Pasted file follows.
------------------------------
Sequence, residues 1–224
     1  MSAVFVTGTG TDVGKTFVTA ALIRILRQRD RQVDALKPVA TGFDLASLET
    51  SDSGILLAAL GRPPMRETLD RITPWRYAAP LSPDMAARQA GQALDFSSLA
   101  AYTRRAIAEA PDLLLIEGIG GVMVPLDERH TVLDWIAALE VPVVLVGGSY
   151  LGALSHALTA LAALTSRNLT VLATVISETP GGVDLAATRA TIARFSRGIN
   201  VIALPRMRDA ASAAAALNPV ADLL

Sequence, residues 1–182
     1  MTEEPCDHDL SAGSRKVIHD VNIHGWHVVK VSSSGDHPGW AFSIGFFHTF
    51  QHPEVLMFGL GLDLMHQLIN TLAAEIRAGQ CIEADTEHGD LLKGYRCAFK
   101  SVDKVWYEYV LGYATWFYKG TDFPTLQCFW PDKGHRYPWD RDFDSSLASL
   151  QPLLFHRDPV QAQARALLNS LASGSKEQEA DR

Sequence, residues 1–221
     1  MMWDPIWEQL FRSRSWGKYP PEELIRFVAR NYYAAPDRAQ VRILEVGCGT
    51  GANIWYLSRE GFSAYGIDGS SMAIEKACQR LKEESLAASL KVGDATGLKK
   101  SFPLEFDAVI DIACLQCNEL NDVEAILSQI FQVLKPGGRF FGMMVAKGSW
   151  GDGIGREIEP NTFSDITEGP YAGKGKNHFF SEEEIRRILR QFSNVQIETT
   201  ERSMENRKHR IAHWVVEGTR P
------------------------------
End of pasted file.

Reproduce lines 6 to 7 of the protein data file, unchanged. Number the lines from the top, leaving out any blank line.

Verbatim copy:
   201  VIALPRMRDA ASAAAALNPV ADLL

Sequence, residues 1–182